Published Mar 20, 2019It's their first full-length record, but Villages' self-titled debut carries with it what feels like a thousand years of history.
Pulling heavy influence from traditional Celtic and British folk (while simultaneously summoning the buzzy production of modern-day pop), Villages is the sum of many parts — all of which play a particular role in the high-calibre merit of the eight-track album.
Musically and lyrically, it's unlike almost anything else coming out of North America today — from the melodramatically authentic vocal inflections in "Sarah's Whistling Tune," to the beautiful, bygone usage of language in "Moonlit," to the liquor-love-letter vulnerability in "Ale," this record radiates a palpable honesty felt from start to finish.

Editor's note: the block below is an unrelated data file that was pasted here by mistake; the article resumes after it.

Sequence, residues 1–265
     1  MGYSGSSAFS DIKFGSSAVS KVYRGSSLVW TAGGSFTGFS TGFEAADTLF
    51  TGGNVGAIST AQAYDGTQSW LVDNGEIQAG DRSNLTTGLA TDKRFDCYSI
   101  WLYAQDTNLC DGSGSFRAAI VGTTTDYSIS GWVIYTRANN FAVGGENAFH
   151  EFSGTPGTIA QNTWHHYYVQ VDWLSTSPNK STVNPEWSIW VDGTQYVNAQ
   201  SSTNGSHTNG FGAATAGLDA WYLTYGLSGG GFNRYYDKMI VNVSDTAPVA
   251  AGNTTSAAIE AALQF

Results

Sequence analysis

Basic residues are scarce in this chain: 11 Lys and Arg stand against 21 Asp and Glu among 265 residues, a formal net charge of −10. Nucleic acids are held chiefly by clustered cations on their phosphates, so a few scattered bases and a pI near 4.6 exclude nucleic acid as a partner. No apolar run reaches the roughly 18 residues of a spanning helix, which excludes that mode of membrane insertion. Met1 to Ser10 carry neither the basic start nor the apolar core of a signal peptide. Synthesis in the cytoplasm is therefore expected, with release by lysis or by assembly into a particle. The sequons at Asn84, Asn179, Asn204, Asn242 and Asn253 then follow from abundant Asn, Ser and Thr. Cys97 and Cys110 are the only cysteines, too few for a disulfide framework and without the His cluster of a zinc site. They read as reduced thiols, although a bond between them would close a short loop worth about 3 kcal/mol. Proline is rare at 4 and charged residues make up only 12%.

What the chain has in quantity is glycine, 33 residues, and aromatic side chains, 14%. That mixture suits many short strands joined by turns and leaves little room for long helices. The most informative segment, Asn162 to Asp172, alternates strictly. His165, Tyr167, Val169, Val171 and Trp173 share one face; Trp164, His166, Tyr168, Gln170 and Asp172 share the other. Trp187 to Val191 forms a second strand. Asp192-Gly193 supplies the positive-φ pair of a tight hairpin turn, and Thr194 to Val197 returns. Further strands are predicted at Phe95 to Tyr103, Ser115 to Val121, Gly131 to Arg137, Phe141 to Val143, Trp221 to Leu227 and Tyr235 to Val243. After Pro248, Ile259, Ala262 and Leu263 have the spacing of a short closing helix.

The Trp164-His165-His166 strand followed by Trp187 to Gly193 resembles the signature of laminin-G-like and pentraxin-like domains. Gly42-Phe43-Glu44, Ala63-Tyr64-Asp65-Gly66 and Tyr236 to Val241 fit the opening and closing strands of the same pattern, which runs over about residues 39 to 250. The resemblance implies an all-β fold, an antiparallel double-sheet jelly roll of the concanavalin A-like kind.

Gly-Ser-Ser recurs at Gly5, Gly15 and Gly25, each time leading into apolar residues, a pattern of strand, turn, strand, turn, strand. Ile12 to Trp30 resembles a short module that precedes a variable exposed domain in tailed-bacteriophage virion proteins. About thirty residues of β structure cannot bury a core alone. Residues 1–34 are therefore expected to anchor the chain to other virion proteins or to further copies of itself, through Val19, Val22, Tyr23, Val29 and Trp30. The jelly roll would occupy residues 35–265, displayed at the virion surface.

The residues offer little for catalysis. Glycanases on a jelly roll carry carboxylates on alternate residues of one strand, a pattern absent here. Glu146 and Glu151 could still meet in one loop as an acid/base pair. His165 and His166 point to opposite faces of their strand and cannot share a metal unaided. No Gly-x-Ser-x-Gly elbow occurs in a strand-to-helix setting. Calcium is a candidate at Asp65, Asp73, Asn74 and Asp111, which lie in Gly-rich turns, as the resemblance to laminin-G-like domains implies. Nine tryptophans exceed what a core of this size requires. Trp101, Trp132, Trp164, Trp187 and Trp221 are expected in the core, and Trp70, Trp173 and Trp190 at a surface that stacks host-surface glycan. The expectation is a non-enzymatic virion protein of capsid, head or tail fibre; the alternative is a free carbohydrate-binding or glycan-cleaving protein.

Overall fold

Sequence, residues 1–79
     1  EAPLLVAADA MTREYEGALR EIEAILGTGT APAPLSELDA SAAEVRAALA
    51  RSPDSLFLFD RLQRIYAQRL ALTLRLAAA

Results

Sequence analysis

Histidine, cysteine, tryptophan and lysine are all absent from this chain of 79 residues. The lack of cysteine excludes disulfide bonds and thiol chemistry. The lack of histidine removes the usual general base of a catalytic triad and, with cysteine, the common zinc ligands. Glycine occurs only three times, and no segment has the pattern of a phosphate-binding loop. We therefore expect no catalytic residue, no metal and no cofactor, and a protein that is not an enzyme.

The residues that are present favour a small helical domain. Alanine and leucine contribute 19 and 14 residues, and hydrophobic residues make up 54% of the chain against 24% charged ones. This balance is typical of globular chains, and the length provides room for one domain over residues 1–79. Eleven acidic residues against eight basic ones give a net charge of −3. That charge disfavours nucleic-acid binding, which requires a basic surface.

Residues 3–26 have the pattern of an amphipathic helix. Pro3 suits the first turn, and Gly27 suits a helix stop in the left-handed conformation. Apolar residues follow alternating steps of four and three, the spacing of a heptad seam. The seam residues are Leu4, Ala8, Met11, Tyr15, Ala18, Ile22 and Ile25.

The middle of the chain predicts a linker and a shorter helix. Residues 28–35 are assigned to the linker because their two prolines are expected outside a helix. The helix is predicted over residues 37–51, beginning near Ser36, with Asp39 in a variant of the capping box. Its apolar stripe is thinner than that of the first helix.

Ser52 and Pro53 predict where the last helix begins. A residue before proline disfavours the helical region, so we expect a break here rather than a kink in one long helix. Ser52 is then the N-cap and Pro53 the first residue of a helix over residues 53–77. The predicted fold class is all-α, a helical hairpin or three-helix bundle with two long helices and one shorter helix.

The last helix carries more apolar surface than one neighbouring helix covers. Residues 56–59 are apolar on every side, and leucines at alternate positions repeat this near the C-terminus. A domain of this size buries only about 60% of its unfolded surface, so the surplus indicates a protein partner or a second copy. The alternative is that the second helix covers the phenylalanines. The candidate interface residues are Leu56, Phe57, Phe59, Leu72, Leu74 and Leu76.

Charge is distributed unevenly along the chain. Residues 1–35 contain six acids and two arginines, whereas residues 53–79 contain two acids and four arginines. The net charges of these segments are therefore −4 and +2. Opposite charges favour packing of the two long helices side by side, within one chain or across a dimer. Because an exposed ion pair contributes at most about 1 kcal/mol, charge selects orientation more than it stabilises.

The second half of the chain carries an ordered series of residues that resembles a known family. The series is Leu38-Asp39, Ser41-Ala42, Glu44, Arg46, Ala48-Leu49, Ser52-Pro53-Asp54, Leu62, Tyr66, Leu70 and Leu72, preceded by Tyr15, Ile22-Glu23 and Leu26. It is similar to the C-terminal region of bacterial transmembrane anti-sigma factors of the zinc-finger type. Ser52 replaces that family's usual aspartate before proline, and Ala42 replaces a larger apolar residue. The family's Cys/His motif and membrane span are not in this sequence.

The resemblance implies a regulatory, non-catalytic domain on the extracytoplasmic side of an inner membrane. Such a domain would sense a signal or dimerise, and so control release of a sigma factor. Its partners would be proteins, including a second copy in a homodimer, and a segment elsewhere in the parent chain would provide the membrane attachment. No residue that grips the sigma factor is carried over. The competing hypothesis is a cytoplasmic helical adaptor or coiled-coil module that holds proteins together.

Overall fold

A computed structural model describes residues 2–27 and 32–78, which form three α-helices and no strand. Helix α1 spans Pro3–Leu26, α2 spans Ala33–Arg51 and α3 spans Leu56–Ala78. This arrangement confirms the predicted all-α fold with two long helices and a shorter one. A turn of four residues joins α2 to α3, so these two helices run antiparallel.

Before rebranding as Villages, the talented four-piece—who hail from Halifax by way of Cape Breton—were East coast indie rock favourites, Mardeen (whose song, "Telephones", was made widely known by Mo Kenney's cover, released in 2014).
Anchored with poignant poetics and convicted, string-focused melodies, Villages delivers a full, thick sentiment — one that trades mortality for martyrdom as the band sets out to bring new life to a dying genre — conjuring imagery of one standing atop a windswept cliff, offering itself up to the mouth of the ocean. (Independent)